By: Monica Park
This blog post depicts the role of the church for the first generation Korean immigrants.
How did the church help them with their immigrant lives?
At St.Timothy Presbyterian Church, whether it be members of KSM or ESM, our church has many individuals who have immigrated from Korea to start a new life in Canada. The church to the early immigrants was something more than just a place to worship God, it was a place where Korean newcomers with the same feelings of isolation came together to find assurance and cope with their struggles as one community. Think about coming to a foreign country, leaving everything behind to start a new life, but when you actually end up arriving, you’re welcomed by isolation and maybe even racism. The Korean immigrants desperately needed a place to escape, or at least a place where they could be free.
An Extended Family
To some, the church was their personal “community center” where they would go to seek support with adjusting to their new homes. On the other hand, others thought of it as a place where they could go for social gatherings. Similar to what it is for many of us today, church was a place where you go every week to connect with friends and family. Despite having different opinions, church acting as one’s “home away from home”, was a collective thought for the congregation. The members of the church were their extended family, and people could finally be themselves. The church is built from Korean immigrants, which allowed people to forget about their worries of not speaking English or having an accent. Outside of church, whether it be at school or in their workplace, speaking English was the main priority, but within the church, they had a chance to let go and speak to those around them in the language they were most comfortable in.
The church also helped the new immigrants spiritually. It gave them a community rooted in God, which allowed them to feel empowered. This came in handy when dealing with internal and external conflicts. Additionally, the fact that they were able to meet fellow brothers and sisters of Christ through the church allowed many to believe that indeed God is watching over them in times of hardship. One person even mentioned how church to her was more than just simply a church. She found comfort in thinking of church as her “아버지의 집”, translating into “Father’s House”. Leaving her family back home and coming to Canada to study on her own was difficult, but she could find the warm feeling of comfort when referencing the church as her “father’s house”. The attachment and comfort found through her second home were said to have helped her in times of homesickness and just overall loneliness.
Close to the Heart
Aside from spiritual help and guidance, the church was a place that offered help with real life problems as well. I had the chance to personally sit down and talk with In Kee Moksanim and learn about how the church community helped him and his family in times of struggle when they first arrived in Canada. From offering rides to and from church to his family receiving financial support from time to time, church really was a big form of support. Other than actual physical help, the church helped him emotionally and spiritually as well. The church community offered him support, encouragement, and respect, all of which helped him throughout the years. Another interesting role church played in In Kee Moksanim’s life was that the church acted as the space that allowed him to continue his Korean culture and practices.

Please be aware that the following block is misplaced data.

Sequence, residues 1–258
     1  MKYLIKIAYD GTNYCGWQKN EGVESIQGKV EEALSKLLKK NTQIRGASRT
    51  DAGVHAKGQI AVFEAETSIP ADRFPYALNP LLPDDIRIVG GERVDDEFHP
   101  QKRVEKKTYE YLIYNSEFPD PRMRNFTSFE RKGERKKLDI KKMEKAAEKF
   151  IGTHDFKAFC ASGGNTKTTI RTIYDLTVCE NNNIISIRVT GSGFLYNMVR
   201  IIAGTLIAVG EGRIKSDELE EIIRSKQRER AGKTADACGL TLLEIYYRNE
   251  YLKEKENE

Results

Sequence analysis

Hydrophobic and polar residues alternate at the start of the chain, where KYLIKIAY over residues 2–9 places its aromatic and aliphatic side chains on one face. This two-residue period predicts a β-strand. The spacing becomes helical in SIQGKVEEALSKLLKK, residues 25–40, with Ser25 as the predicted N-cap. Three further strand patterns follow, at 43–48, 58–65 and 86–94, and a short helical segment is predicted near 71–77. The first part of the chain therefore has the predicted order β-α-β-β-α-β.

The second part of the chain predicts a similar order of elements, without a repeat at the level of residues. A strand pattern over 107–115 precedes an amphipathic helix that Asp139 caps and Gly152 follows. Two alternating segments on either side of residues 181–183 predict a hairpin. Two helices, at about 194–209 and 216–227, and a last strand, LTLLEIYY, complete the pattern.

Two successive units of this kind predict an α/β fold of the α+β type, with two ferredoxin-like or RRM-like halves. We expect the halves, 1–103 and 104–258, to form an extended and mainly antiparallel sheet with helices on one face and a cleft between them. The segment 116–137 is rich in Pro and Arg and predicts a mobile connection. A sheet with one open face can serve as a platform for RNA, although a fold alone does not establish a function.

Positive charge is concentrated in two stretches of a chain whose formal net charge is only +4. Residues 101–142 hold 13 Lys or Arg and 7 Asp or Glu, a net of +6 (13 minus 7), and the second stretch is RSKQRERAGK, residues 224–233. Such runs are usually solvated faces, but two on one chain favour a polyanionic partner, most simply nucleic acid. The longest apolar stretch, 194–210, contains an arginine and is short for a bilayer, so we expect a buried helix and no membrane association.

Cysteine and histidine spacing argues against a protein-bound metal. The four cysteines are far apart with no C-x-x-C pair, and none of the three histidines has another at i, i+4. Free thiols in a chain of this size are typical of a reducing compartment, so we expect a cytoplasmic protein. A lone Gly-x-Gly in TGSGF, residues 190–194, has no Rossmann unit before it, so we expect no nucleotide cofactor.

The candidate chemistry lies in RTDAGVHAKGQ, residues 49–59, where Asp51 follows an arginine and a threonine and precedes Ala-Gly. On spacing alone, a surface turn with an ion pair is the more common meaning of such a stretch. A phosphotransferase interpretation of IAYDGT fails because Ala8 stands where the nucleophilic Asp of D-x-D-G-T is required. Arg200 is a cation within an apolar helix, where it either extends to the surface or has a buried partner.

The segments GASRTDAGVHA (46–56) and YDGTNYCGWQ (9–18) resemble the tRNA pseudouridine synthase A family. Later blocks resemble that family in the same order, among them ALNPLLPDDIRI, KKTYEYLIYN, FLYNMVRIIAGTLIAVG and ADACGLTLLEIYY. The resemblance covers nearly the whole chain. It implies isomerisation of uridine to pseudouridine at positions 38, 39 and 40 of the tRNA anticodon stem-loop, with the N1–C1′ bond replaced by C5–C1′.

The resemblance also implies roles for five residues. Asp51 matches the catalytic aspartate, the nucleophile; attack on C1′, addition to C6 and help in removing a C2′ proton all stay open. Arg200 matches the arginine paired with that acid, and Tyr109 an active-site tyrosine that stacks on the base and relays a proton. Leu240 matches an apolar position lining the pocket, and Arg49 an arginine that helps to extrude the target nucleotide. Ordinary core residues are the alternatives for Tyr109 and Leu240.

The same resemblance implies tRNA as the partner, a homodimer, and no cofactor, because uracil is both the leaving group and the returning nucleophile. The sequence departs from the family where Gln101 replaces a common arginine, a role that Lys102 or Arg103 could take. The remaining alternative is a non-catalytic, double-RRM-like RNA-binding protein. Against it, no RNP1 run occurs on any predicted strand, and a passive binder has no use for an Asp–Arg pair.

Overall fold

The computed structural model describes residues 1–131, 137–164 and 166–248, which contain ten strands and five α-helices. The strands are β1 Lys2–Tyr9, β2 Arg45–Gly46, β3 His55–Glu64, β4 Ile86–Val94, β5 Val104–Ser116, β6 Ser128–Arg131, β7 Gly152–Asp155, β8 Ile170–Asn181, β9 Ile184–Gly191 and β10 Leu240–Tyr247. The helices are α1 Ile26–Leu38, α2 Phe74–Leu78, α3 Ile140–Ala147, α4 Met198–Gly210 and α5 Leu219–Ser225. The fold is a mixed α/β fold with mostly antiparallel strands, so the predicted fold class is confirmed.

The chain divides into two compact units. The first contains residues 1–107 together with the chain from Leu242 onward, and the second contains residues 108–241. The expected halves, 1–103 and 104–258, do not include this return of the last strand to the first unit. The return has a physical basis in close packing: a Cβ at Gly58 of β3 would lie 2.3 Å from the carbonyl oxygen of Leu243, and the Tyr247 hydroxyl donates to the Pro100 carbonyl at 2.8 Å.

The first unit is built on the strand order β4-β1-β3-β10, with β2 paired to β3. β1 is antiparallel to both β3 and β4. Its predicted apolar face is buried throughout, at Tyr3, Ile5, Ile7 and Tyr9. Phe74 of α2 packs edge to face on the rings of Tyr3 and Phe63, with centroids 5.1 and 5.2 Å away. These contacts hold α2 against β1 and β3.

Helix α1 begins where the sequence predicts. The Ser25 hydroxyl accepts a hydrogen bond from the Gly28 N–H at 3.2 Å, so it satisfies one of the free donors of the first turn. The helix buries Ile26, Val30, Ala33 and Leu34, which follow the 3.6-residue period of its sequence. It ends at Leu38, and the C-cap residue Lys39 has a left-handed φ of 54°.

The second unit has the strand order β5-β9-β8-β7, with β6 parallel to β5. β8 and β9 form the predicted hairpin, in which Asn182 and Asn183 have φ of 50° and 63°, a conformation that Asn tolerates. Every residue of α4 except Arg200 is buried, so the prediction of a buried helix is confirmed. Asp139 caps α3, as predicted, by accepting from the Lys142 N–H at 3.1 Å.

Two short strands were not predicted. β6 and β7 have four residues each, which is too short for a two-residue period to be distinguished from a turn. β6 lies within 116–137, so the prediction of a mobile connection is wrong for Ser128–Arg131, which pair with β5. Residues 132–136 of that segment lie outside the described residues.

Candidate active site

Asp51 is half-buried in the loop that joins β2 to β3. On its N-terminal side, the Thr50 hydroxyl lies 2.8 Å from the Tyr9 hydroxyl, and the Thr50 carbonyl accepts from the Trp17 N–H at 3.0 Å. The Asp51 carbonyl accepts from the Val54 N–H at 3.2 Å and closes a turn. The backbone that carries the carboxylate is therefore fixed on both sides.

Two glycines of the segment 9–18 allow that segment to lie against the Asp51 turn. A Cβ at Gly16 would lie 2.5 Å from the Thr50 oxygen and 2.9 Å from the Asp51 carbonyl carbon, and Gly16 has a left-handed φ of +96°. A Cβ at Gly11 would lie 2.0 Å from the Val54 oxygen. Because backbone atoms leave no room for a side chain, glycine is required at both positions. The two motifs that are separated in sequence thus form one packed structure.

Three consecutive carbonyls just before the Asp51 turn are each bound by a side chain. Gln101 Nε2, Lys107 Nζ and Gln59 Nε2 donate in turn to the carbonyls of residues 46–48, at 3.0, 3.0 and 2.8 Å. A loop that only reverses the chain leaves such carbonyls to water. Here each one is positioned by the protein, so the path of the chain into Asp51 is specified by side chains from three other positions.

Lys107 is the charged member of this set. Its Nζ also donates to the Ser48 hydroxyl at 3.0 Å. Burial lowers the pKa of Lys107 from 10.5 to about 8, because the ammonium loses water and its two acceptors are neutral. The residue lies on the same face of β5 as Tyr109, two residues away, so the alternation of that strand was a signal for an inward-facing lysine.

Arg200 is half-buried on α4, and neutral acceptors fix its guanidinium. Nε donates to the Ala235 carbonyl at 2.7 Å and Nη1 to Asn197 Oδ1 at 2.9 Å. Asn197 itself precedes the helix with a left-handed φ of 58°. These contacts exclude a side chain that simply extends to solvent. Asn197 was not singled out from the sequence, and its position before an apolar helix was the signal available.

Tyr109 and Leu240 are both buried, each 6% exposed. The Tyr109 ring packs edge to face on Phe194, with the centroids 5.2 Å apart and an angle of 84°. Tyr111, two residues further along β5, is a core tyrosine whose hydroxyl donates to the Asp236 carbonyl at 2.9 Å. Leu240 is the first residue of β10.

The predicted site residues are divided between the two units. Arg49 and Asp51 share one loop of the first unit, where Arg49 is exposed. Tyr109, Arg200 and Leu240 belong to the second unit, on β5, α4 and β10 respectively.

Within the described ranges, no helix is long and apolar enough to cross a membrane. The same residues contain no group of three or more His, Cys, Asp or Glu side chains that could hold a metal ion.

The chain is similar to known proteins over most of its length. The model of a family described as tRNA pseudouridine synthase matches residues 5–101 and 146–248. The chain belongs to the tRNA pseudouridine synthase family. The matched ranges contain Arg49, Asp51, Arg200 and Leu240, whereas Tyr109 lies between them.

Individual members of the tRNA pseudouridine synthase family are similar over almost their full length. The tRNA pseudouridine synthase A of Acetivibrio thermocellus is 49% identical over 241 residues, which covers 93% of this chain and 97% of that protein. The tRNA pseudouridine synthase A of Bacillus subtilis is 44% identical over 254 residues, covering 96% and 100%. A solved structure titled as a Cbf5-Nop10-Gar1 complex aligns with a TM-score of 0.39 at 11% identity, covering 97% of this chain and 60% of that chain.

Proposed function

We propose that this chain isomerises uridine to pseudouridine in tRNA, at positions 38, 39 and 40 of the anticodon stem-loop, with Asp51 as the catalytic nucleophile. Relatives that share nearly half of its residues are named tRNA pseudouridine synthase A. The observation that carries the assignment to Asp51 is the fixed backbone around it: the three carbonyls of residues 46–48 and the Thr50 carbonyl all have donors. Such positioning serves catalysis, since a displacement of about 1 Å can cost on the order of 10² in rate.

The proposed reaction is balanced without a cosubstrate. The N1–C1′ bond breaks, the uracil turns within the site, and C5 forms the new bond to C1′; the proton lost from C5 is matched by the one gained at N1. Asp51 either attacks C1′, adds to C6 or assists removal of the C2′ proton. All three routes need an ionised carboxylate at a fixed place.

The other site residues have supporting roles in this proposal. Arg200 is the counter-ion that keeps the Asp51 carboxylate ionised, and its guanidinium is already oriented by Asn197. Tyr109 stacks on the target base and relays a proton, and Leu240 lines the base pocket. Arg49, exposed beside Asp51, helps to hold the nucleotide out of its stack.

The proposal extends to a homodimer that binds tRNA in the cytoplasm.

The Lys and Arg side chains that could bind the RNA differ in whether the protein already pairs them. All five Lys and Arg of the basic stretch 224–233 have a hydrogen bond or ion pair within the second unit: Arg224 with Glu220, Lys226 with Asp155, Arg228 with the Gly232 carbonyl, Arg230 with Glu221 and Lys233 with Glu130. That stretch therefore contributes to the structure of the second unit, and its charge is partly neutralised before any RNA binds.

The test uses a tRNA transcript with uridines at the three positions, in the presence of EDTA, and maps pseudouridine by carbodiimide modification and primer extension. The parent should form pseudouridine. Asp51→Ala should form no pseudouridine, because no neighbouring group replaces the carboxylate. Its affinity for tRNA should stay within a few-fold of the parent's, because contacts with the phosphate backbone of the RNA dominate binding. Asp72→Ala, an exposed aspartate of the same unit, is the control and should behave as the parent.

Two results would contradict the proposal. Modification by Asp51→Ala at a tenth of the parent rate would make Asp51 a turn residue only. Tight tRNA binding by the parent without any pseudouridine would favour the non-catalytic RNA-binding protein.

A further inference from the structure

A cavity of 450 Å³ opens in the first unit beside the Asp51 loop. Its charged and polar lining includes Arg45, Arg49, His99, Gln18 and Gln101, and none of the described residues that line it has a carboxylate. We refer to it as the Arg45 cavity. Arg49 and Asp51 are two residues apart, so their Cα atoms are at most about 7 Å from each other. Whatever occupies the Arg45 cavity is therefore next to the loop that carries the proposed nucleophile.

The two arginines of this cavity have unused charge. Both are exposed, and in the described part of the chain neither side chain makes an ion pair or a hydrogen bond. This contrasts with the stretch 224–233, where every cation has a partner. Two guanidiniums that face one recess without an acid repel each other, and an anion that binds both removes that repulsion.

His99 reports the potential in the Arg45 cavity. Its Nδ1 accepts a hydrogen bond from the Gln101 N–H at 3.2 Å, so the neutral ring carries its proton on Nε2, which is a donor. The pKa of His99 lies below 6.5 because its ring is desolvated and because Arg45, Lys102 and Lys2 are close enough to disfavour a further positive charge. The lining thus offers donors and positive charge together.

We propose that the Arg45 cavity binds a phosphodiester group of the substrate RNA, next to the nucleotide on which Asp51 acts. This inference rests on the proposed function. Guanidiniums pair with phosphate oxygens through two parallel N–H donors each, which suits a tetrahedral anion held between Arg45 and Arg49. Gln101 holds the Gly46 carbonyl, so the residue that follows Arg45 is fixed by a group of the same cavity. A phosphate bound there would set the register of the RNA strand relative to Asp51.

Bless the Lord
What did it mean for the first generation to say Bless the Lord? When I look at it from my perspective, I think to Bless the Lord for the first generation immigrants was really all about the love and support they felt from their church communities during their time of settling into the new country. From economic troubles, to facing cultural and linguistic barriers, Korean immigrants did not have it easy. For them to come to a place called the church and really find a community full of individuals who can relate and sympathize with their situations, is something that is all done through God’s plan. Though the first generation immigrants had their ups and downs, with God’s guidance they were able to find a community where they could share times of happiness and sadness with one another while worshiping God. This is what I believe Bless the Lord really meant for the first generation immigrants.
How does this affect the way I think about my faith?
Overall, I think this research experience was eye-opening for me. This research project really gave me a chance to explore that Korean history that is a part of all of us, though we may not have experienced it personally, it’s still a part of our individual families and our roots. It’s a story that I feel everyone should really dig deep into and explore. For myself personally, I don’t think my faith has actually changed, but I feel more that my love and admiration for the church grew. The church was always an important part of my life, but I never experienced church being the only route of escape. To the first generation immigrants though, the church was something so valuable and precious to them, it helped them in times of need. Learning about all of this really did deepen my love and admiration for the church.
Stories of Faith is also the theme of our 2019 ESM Summer Retreat. Learn more about it here and register now!